These two different approaches to block AC function show that AC activity is required for the formation of oriented bundles in the cell body and for the triggering of cell polarization in fibroblasts.
We discovered that formation of oriented actin-filament bundles within the cell body requires the AC family of proteins and is an early event required for subsequent cell polarization (summarized in Fig. 7). The fact that actin within the cell body is needed for cell polarization is consistent with the already appreciated role for actin in this cellular location for cell migration (Cramer et al., 1997; Small et al., 1998; Svitkina et al., 1997; Verkhovsky et al., 1999a) and with the known role for actin-filament cables in the cell body for yeast cell polarity (reviewed by Moseley and Goode, 2006). Although our work shows that oriented actin-filament bundles within the cell body are necessary for cell polarization, it does not address whether they are sufficient, an important direction for future studies.
Function of oriented actin-filament bundles in the cell body
One apparent function of oriented actin-filament bundles in the cell body in fibroblast polarization is coordinating the formation of the cell rear and front around opposing ends of long lengths of the bundles (summarized in Fig. 7C-E). How might this occur? It is unlikely that these bundles generate power to drive initial shape-change events per se because, when oriented bundles were absent (Fig. 4B and Fig. 6B,C), delocalized protrusion and retraction could still occur around the cell periphery (the cell is not polarized and does not translocate under these conditions). More likely is that oriented actin bundles actively determine at least the position of the cell rear, because this event occurred only after bundles were formed. Positioning of the cell front then could simply be a consequence of the cell rear forming first, and subsequent net protrusion at the cell front could perhaps be promoted by retraction-mediated protrusion (Chen, 1981; Dunn, 1980; Dunn and Zicha, 1995; Small and Resch, 2005). Because protrusion is driven by a separable actin-based mechanism, however, it is likely that additional cellular factors are also locally activated at the cell front to ensure that net actin polymerization is locally maintained.
An important area for future work is to identify precise details of how oriented actin-filament bundles function in determining the position of the cell rear and front in fibroblasts. Plausible ideas are that oriented actin bundles provide a track for actin-based nuclear movement, a movement that is known to play a role in NIH 3T3 fibroblast polarization (Gomes et al., 2005), or that they act as a guide for polarity determinants, perhaps similar to that discussed within the leading cell edge of already polarized cells (reviewed by Ettienne-Manneville, 2004; Gundersen and Bretscher, 2003).
Any role for actin in the cell body for positioning the cell rear and front in other migrating cell types is yet to be uncovered. In myoblasts, graded polarity actin-filament sheets span the cell body under the plasma membrane and are aligned in the direction of migration (Swailes et al., 2004), comparable to the alignment of actin bundles that we describe in the cytoplasm here, and they might perhaps have a similar role in polarizing these cells. During polarization of cytoplasmic fragments of keratocytes, as with fibroblasts, oriented actin bundles also form in the cell body, but, unlike fibroblasts, are aligned transversely to the direction of migration (Verkhovsky et al., 1999b), and, in migrating amoeba and neutrophils, most polymerized actin in the cell body is a meshwork localized in the cell cortex. Thus, the precise mechanism of positioning the front and back of the cell during cell polarization might vary with distinct types of actin organization in the cell body in different migrating cell types. Such variation is not unexpected, because the precise mechanism of cell migration is itself probably varied among distinct cell types (Cramer, 1999a; Lauffenburger and Horwitz, 1996; Mitchison and Cramer, 1996; Sheetz, 1994; Small and Resch, 2005; Verkhovsky et al., 1999a). This highlights the importance of advancing knowledge on detailed mechanisms in all types of migrating cells in order to derive any global principals.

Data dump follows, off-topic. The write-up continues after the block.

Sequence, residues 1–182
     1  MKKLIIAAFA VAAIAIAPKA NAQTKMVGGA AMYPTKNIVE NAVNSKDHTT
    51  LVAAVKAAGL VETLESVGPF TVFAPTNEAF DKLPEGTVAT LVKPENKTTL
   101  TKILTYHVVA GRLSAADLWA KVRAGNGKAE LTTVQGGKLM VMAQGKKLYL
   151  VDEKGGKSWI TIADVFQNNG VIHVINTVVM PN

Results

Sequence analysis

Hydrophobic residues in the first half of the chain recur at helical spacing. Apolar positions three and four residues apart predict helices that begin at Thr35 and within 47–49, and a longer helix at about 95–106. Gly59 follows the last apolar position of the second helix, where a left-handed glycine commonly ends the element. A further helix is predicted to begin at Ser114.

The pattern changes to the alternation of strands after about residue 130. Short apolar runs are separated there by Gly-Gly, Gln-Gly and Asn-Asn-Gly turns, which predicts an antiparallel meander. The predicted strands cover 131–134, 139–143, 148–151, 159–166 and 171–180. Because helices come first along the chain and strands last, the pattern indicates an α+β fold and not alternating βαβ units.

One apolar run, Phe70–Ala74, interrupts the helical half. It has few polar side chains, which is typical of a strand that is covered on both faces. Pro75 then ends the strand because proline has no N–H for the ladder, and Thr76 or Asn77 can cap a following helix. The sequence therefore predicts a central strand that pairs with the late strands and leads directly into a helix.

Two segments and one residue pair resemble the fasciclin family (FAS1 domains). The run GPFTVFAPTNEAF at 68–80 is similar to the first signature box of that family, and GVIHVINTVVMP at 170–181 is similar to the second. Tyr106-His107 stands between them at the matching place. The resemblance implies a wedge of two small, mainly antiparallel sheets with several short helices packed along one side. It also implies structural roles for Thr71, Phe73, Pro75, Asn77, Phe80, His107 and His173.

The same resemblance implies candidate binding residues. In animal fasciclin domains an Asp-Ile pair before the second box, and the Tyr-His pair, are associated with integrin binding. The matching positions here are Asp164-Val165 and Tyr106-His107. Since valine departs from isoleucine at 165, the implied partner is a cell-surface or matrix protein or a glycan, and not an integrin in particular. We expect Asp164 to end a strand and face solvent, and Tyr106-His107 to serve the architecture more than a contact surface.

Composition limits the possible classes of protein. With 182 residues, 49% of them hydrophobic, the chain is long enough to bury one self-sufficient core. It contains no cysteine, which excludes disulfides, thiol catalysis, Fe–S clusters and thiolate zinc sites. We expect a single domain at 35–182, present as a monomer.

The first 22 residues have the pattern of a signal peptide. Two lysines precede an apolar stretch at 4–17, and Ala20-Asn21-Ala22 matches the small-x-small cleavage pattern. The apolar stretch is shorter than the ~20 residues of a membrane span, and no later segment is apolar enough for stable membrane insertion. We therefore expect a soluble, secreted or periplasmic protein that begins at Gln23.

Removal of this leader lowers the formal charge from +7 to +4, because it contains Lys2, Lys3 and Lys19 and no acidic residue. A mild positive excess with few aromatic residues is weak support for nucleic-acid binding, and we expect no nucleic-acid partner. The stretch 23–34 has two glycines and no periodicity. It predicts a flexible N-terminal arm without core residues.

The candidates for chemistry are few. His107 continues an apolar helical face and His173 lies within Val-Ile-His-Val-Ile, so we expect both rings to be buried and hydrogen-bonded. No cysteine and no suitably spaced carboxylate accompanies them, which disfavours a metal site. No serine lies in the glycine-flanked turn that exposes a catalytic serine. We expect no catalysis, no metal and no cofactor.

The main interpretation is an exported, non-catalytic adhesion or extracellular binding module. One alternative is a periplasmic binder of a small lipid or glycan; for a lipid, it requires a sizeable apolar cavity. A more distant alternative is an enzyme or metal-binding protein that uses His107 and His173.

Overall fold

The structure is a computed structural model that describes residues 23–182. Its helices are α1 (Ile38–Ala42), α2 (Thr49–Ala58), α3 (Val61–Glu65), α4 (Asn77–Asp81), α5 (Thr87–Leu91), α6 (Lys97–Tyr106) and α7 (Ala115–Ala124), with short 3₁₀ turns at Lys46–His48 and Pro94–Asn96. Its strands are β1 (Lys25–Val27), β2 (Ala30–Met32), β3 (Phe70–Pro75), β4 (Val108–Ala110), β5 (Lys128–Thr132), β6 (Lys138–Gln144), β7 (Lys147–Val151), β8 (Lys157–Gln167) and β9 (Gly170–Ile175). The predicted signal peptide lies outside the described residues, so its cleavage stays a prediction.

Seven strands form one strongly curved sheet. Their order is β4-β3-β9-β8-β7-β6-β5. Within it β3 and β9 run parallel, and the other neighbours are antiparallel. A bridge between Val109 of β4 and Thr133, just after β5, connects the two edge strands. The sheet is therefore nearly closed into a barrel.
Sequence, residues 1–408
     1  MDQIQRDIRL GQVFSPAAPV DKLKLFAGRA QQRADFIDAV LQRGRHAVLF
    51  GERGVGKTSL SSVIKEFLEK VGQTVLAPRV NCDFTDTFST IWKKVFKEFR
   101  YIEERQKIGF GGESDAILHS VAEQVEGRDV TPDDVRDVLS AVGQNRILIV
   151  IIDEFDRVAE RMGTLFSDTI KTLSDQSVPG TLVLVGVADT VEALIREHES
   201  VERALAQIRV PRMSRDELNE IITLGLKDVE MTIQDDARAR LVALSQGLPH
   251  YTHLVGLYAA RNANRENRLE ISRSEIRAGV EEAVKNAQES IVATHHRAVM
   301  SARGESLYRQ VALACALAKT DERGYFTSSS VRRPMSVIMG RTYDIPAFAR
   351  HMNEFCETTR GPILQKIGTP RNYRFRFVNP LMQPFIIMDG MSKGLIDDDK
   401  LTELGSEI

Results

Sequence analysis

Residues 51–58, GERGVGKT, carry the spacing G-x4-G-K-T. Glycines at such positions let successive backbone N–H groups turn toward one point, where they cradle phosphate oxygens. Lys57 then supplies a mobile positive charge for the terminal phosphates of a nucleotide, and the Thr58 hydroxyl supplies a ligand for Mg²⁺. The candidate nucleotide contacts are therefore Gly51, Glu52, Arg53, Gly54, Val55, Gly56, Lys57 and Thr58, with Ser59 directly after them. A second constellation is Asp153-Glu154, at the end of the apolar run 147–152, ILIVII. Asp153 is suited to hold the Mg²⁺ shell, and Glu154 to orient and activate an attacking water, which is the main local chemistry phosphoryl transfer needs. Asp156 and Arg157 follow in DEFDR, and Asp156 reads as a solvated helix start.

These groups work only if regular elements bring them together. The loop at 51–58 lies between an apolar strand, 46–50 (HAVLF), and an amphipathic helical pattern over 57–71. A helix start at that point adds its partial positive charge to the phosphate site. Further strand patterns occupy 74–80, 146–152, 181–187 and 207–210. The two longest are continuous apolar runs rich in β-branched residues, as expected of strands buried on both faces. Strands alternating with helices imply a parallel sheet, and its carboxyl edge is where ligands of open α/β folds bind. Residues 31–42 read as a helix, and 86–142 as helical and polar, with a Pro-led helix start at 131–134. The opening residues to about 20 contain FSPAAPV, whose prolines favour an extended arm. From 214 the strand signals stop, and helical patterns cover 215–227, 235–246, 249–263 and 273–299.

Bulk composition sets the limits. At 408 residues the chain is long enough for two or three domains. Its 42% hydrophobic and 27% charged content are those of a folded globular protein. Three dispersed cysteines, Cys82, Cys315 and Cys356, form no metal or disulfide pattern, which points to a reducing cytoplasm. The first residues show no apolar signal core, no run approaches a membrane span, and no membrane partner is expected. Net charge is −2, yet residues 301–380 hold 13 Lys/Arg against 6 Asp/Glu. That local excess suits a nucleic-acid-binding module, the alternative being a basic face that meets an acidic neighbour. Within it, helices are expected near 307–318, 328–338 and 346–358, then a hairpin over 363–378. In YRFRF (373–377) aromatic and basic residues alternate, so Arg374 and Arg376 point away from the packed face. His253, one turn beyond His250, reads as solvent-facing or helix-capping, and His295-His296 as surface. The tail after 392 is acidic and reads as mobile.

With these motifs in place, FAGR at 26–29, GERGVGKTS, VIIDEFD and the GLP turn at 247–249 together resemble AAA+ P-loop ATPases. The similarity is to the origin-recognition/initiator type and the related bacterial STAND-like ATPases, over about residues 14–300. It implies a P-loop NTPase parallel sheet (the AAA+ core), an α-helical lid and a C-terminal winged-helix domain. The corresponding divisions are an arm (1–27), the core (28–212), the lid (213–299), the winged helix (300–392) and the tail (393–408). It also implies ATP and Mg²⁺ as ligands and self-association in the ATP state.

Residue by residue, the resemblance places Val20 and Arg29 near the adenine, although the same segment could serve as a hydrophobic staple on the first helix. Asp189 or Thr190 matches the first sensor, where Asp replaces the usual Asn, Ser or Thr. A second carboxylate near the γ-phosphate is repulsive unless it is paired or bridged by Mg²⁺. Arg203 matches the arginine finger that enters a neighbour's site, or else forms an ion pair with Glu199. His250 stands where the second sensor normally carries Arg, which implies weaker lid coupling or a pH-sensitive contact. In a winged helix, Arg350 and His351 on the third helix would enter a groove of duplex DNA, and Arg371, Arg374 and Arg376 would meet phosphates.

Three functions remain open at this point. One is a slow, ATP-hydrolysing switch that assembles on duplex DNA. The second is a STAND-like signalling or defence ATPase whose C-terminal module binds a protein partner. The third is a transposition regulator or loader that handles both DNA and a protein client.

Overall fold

Formation of the cell rear
In this work in chick fibroblasts, formation of the cell rear during polarization occurred first in the absence of any externally applied chemoattractant gradient, implying a basic property of self-organization in the cell. This does not appear to be restricted to this cell type. From close inspection of the images presented in the primary literature in polarizing cells, formation of the cell rear can also precede local net protrusion at the opposing end of the cell in a variety of other cell types, including mouse fibroblasts, neutrophils, keratocytes and dictyostelium cells (Gomes et al., 2005; Swanson and Taylor, 1982; Verkhovsky et al., 1999b; Wong et al., 2006). This not only occurs in a uniform concentration of applied chemoattractant (Wong et al., 2006) but also in the presence of a localized source (Swanson and Taylor, 1982) or mechanical stimulus (Verkhovsky et al., 1999b). Although this needs to be explicitly studied in other cell types and cell polarization systems, it seems, then, that a primary control of cell polarization can be governed by activation of cell-rear formation first, perhaps related to the observation in some cells that retraction occurs first in already polarized and migrating cells (Chen, 1981; Dunn, 1980; Dunn and Zicha, 1995; Small and Resch, 2005). This might explain – apparent from the images shown – why some cells do not initially protrude a localized cell front in the direction of a supplied localized source of chemoattractant (Gerisch and Keller, 1981; Mouneimne et al., 2006; Ridley et al., 1999).